2 min read

Not even wrong

A recent tweet

was commented on by Nassim Nicholas Taleb.

The plot was attributed to Deutche Bank Research.

Our ever-helpful friend Fred has two data series, SP500_PCH and WALCL_PCH that cover the same ground, but only up to 2019-12-18, the latest date for which the S&P data was available as of 2019-12-30.

So, let’s see if we can replicate the DB results:


fed <- read_csv("https://gist.githubusercontent.com/technocrat/d2b231087f35ce987981c98ed5c90042/raw/f266d593bd33c72bcc8f1cb8c0c6415dd6e15fbb/WALCL.csv")
## Parsed with column specification:
## cols(
##   DATE = col_date(format = ""),
##   WALCL_PCH = col_double()
## )
sp <- read_csv("https://gist.githubusercontent.com/technocrat/b93617e7574ff88ddeeb815af529b38c/raw/b9453495b2cf7a55af1ee79806477c0c896eb9f7/SP500_PCH.csv")
## Parsed with column specification:
## cols(
##   DATE = col_date(format = ""),
##   SP500_PCH = col_double()
## )
fed_v_sp <- inner_join(sp, fed, by = "DATE")
fit <- lm(formula = WALCL_PCH ~ SP500_PCH, data = fed_v_sp)
slope <- fit$coefficients[2]
r2 <- summary(fit)$r.squared
rsq <- paste("R squared = ",round(r2,5))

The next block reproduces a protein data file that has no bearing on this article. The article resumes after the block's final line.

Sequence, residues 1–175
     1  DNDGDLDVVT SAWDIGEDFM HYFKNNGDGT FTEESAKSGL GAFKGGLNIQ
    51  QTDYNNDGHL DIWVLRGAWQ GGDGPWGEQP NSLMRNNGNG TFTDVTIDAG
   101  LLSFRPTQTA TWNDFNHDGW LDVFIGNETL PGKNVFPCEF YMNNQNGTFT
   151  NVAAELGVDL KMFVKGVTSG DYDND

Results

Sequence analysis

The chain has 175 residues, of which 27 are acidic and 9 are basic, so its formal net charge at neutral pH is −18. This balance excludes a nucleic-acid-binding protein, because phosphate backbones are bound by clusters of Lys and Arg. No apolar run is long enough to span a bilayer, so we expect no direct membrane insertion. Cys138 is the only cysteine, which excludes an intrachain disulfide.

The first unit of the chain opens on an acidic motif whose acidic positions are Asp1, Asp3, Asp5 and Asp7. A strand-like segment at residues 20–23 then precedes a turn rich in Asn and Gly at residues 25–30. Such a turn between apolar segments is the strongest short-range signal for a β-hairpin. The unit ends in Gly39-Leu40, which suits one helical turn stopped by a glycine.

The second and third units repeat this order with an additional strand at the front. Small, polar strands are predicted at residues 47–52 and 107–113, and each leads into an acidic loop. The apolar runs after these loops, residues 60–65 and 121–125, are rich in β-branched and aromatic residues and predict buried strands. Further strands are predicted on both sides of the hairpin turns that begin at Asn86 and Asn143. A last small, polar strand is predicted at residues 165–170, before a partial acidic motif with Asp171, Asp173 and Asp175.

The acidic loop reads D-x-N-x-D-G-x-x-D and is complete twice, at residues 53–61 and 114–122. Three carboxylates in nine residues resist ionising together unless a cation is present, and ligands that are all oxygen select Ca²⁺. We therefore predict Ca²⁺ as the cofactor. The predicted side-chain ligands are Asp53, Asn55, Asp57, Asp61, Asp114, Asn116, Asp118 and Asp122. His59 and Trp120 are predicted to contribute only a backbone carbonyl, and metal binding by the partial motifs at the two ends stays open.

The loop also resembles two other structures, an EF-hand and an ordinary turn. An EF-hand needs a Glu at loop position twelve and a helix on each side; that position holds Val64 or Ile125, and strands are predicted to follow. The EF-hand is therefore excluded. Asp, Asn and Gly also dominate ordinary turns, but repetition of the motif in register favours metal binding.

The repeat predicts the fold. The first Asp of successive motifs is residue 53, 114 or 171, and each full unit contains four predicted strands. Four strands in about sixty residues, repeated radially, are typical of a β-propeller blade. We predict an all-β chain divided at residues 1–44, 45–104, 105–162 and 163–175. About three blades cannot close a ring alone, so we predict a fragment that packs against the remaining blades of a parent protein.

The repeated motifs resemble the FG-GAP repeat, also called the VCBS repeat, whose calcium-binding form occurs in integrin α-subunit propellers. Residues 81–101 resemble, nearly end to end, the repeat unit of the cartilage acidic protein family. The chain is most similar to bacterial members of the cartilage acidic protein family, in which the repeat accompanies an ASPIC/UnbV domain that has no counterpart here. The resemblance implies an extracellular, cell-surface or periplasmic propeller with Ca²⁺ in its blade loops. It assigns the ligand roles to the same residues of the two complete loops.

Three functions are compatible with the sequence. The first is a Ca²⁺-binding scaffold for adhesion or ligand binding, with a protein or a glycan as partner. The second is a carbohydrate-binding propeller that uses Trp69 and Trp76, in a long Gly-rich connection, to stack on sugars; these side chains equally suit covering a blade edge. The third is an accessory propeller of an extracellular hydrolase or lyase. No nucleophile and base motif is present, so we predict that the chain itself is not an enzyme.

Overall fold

sources <- "Sources:
WALCL: https://fred.stlouisfed.org/series/WALCL
SP500: https://fred.stlouisfed.org/series/SP500
heading <- "Fed Balance Sheet vs S&P 500\nOct 9-Dec 18, 2019"
y_lab <- "Weekly percentage change in S&P 500 index"
x_lab <- "Weekly percentage change in Federal Reserve Bank assets"
p <- ggplot(fed_v_sp, aes(SP500_PCH, WALCL_PCH))
my_model_plot <- p + geom_point() + geom_abline(slope = slope) + annotate("text", x = 0.15, y = -0.6, label = sources, hjust = 0) + annotate("text", x = -0.25, y = -0.75, label = rsq) + labs(x = x_lab, y = y_lab) + theme_economist() + ggtitle(heading)

What we used to call a wire house (albeit one whose affiliate is known to have made poorly secured real estate loans) is right and your blogger is wrong, or v.v. or both. One of them may also be bullshit, a proposition offered, according to the philospher Harry Frankfurt not for its truth but simply to influence. See On Bullshit.

The only way to tell, is by the maxim of St. Ronald доверяй, но проверяй by one’s own replication. After all, it’s hard to exclude the possibility that neither model is well-formed, and, more importantly, that neither may be particularly useful as an insight.

It’s also worth taking a look at the p-value of the F-statistic for my model: 0.281 – not even close to the \(\alpha = 0.05\) laugh test.